It took the editors at The Associated Press’ elections desk all of 31 minutes to publish their conclusion, with voting in Iowa barely underway: Donald Trump was the runaway winner of the first contest in the 2024 GOP primary, notching the biggest victory ever in a contested caucus in that state.
Trump’s blowout victory solidifies his commanding position atop the Republican field, leading many to wonder whether the race to take on President Joe Biden in November was all but over before it began. By the time Iowans trudged through the snowy night to cast their votes, his victory was all but certain.
The real contest Monday night was between Florida Gov. Ron DeSantis and former South Carolina Gov. Nikki Haley, who were locked in a battle for second when Trump took the stage Monday night to call for the party to unite around him. “We are going to come together. It’s gonna happen soon, too. It’s gonna happen soon,” Trump said at a victory party in Des Moines a little before 10 p.m. local time. “I want to congratulate Ron and Nikki for having a good time together. We’re all having a good time together. I think they both actually did very well.” As Trump was finishing his remarks on stage in Des Moines, the AP declared DeSantis the silver medalist.
Read More: Inside Ron DeSantis’s Final Push in Iowa.
Both DeSantis and Haley are often mentioned as players in the GOP’s future. But Iowans—like so many Republicans, from Maine to California— remain in Trump’s grip. The AP call for Trump was as sudden as it was sure. Trump’s campaign headquarters hadn’t even started admitting supporters yet. At the dejected offices of rival campaigns, advisers huddled around their data platforms trying to assess how the fight for second place was shaking out. DeSantis’ advisers accused the media of rigging the results for Trump, deterring Iowans from heading out to cast their vote by declaring a winner as caucuses were still ongoing. But his team was happy to emerge with a second-place finish that offered a ticket to next-up New Hampshire.
The outcome was less important for Haley, who has slowly climbed in, in Iowa and nationally, propelled by capable debate performances, massive outside spending, and a perception that she was the candidate most capable of building a winning coalition, despite her reluctance to take on Trump directly.
Read More: Nikki Haley’s Slow Burn Was No Accident.
DeSantis, meanwhile, went all-in on Iowa. With a lurch to the right on education, racial history, abortion rights, LGBTQ rights, and even a culture-war feud with Disney, the Florida governor seemed to chase an agenda that could make him viable to the largely white, Evangelical, and conservative Iowa electorate. A full 54% of caucus-goers described themselves as white Evangelical or born-again Christians, down from 64% in 2016—suggesting DeSantis’ team was running the last campaign and not this one. Among caucus-goers, 46% specifically were white, working-class voters—and Trump carried them by a two-to-one margin. The entrance polls taken as caucus-goers showed up reveal a party in full thrall to Trump. A full 44% of Iowa Republicans describe themselves as Make America Great Again disciples. Some two-thirds do not believe Biden actually won the presidency in 2020. And 63% of Republicans said that a potential Trump conviction would be immaterial to his fitness to serve another term in the White House.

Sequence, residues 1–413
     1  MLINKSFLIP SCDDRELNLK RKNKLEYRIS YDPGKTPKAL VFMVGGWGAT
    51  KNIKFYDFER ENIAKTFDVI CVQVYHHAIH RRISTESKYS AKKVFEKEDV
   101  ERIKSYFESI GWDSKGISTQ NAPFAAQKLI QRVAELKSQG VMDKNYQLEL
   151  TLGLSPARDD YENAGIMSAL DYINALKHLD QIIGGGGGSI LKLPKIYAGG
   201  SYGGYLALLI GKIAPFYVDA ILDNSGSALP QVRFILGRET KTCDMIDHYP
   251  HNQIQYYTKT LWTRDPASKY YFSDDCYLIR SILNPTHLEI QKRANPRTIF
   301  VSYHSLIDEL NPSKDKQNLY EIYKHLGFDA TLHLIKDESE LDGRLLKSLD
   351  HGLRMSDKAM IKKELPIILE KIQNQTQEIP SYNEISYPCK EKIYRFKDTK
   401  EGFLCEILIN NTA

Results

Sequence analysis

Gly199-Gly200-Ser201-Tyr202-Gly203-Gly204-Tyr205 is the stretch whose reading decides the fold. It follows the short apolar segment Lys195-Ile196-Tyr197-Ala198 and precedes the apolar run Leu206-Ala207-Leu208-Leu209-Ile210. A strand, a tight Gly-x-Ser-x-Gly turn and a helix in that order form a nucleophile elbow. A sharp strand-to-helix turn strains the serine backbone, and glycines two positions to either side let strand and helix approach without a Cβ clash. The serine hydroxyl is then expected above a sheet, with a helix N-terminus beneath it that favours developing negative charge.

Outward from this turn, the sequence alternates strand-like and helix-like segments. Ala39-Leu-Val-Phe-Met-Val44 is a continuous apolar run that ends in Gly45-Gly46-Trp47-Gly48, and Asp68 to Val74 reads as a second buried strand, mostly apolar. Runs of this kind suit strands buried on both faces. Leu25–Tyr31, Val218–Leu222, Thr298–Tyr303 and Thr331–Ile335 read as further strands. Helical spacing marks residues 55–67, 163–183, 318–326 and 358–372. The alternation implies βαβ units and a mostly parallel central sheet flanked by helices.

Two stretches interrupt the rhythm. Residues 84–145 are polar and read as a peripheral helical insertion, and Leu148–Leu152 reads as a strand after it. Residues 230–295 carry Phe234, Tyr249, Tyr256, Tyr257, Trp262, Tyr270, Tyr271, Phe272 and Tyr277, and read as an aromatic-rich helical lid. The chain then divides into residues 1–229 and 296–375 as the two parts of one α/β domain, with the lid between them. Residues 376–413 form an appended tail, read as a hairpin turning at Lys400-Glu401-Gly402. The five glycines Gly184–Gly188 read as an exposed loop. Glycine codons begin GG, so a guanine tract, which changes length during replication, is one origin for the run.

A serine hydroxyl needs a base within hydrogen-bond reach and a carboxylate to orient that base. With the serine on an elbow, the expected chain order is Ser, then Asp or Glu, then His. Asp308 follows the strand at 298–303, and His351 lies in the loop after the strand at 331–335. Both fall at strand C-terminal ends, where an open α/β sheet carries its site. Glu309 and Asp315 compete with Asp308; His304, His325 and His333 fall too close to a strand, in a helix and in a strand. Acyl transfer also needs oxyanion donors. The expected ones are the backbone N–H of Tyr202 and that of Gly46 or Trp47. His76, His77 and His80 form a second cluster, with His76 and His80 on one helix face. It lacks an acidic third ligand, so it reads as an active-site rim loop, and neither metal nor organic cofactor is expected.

Iowa is always a culling ground for also-rans. Moments after Trump left the stage, fourth-place finisher Vivek Ramaswamy announced he was dropping out of the race and endorsing Trump. “We’ve looked at it every which way and I think it is true that we did not achieve the prize we wanted to deliver tonight,” the tech entrepreneur told supporters. “There is no path for me to be the next President absent things that we don’t want to see happen in this country.”
Ahead of the results, some of DeSantis’s backers pressed his inner circle about the candidate’s next steps should he trail Haley when all the caucuses were counted. These DeSantis donors were debating among themselves whether to align with Haley or accept that Trump was their best bet in the end, according to one fundraising consultant. Those questions were less urgent with DeSantis’ second-place finish, which will carry him on to New Hampshire. But neither that state nor the ones immediately following, including Haley’s native South Carolina, look like fertile ground for a DeSantis comeback.
The fight is finally starting to winnow to one against Trump. The frontrunner from the start, Trump’s standing has only increased with every passing indictment, lawsuit, and challenge to his eligibility for office. Trump has convinced rank-and-file Republicans that he is their warrior in this race; 81% of Trump supporters in Iowa said they went with him because he’s fighting for people like them.
There may yet be a firewall against Trump’s third nomination in eight years. New Hampshire has a history of rejecting Iowa’s judgments, and South Carolina could deliver a surprise. Haley’s fourth-quarter fundraising haul didn’t hurt, either. But with Trump’s commanding win and indifference to political gravity, he has cemented himself as the prohibitive favorite in the GOP primary in its opening contest.